The Music that weaves Magic!

When the sound of rustic yet soulful music adorns every nook and corner, you know it’s Rajasthan.

Rajasthan’s diversity is beyond capture in words – rich heritage, vibrant culture, majestic monuments with appealing history,  artistically sound, vast sand dunes, colorful villages, warm people and much more. Rajasthan is famous for showcasing the royal heritage of palaces, forts, havelis & desert safaris, offering a glimpse of it’s spirited culture.

This state has a lot to offer to all groups of travelers and explorers. An ideal destination for royal vacation, adventure lover, family vacation and heaven for antique collectors. Royal life style of the emperors has inspired and promoted a variety of antique art on wood, clothe and stone.

Don’t be surprised when you encounter artists playing folk music and singing melodious songs at all the possible places! When we did Jodhpur-Jaisalmer-Udaipur circuit we observed many such artists but could capture only few but all. Happy to share them here again I know I would shared the pictures earlier in some form or other but these are so apt for ‘Oh Dear! This is India‘ series. They reflect glorious history of India.

The tune of Kamaicha


This man, deserves all the admiration, he plays at the Gadisagar Lake and has been doing so for more than a decade now!

The instrument that adorns his experienced hands so beautifully is ‘Kamaicha’. ‘Kamaicha’ is one of the oldest musical instruments widely used in Asian music and more so in Rajasthan. It is a string instrument played with a bow.

Read – The Desert Safari and Gala Dinner at Thar

The one called Nagara


The artist here is playing ‘ Nagara’, also called ‘Kettledrum’ is a cone shaped drum played with two sticks – the Surnai and Nafeeri. I couldn’t capture the sticks very well in the picture though. This man sings and plays at the Mehrangarh Fort (Jodhpur) and it’s so refreshing that one literally starts moving to the music.

Happy Weekend!

Suggested Reading – This is India (I) This is India (II)


Categories: History, India, Inspiration, Rajasthan | Tags: , , , , , , , , , , , , , | 31 Comments

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31 thoughts on “The Music that weaves Magic!

  1. This post has made me nostalgic. I miss Rajasthani food, the folk songs, kalbeliya and ghoomar.

    Liked by 1 person

  2. I can almost feel the soulful music! Thank you 😊. What is a havali?


  3. Sorry. I mean haveli.


  4. Funnily enough I am reading a book set in the province at the moment. Your pictures solidify my imagined image of the faces of the people.

    Liked by 1 person

    • I’m glad it did! Which book is it? I wish I could capture more portrait shots but I suffered severe allergy on that trip and couldn’t do much post that.

      Liked by 1 person

      • It’s a lady author called Dinah Jeffries – I have already read a couple of her excellent novels one set in Vietnam during the 1950s and the other in Shri Lanka when it was still under British rule. This one is called ‘Before the Rains’ and is set in the 1930s. As you can see she spécialisés in the periods leading up to separation from British rule. I recommend her. Her style is very readable but her research is immaculate so I always come away from her work better educated in the subject!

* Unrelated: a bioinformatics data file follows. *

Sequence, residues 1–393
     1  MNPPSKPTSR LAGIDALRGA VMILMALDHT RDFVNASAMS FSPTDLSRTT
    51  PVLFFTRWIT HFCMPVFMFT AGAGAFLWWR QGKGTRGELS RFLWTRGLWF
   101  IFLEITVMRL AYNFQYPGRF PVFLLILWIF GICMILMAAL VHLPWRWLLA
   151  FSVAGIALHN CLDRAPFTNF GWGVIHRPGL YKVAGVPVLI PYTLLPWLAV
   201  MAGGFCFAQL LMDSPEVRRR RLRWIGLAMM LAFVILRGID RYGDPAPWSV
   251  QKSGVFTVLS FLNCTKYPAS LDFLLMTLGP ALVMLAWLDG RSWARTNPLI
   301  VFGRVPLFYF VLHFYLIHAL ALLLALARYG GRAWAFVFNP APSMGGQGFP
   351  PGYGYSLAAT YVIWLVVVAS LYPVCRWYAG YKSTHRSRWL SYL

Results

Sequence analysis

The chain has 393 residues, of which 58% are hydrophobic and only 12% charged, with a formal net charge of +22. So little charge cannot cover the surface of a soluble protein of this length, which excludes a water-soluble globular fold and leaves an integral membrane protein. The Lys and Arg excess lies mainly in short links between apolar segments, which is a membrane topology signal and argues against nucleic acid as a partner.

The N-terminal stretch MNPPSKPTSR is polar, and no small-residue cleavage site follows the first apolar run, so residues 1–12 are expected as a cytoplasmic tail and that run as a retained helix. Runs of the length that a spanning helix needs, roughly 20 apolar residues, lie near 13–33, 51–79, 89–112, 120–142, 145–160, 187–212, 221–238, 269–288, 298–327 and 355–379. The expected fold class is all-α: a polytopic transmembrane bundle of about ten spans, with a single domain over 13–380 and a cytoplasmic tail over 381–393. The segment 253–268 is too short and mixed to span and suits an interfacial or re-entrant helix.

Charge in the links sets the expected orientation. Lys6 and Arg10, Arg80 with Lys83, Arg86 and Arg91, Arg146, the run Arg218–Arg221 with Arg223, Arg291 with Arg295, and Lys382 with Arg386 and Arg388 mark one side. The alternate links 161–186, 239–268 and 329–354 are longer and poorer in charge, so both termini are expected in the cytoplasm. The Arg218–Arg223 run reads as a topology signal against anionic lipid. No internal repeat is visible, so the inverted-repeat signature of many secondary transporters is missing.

Liked by 1 person

  5. That’s my land!!!
    Proud to be Rajasthani 😊

    Liked by 2 people

  6. I love your title. Music is indeed of the powers within all of us that can weave magic. Great post and amazing photos to illustrate your report!


  7. Very interesting. Have a great weekend too guys. X

    Liked by 1 person

  8. This takes me back to the amazing times I had in Rajasthan. Thank you for sharing

    Liked by 2 people

  9. We loved Rajasthan. Thanks for the memories. We just did a series on markets in Asia with the final one focusing on India…made us ratger nostalgic.


    Liked by 1 person

  10. It would be so beautiful to sit and hear the music.

    Liked by 1 person

  11. I’ve been to jaipur ,and udaipur. Lovely city.

    Liked by 2 people

  12. Hey, this is my favourite subject! I have been to Ajmer twice. Once I requested a folk artist to play some famous tunes on his Sarangi. He played them happily and effortlessly. I have the recording. It was a very fantastic experience!

    Liked by 1 person

  13. Loved the beautiful post.
    Awesome pics.

    Liked by 2 people

  14. wowwww so beautiful m also from rajasthan n blogging abt a heritage city of rajasthan visit me once plzz 🙂


  15. A very beautiful description of the state’s legacy. I have started blogging recently, check out my posts at in your spare time.

    Liked by 1 person

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